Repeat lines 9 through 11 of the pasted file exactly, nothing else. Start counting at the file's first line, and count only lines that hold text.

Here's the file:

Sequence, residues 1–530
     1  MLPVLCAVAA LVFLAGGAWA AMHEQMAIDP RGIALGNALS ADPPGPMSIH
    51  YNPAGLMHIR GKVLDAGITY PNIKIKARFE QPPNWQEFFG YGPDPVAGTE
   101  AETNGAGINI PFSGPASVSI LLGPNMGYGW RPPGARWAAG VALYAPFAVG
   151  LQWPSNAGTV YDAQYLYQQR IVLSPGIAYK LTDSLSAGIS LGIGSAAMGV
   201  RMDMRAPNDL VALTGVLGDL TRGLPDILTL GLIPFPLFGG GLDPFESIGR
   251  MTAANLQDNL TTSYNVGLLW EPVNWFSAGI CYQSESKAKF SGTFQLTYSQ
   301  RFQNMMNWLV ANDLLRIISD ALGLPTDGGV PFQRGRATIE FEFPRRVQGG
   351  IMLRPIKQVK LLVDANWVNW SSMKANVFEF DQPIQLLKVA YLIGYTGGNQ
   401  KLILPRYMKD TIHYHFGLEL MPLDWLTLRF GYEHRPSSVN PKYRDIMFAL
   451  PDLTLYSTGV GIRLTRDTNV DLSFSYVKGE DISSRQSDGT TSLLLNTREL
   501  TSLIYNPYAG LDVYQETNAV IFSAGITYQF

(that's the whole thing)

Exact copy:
   351  IMLRPIKQVK LLVDANWVNW SSMKANVFEF DQPIQLLKVA YLIGYTGGNQ
   401  KLILPRYMKD TIHYHFGLEL MPLDWLTLRF GYEHRPSSVN PKYRDIMFAL
   451  PDLTLYSTGV GIRLTRDTNV DLSFSYVKGE DISSRQSDGT TSLLLNTREL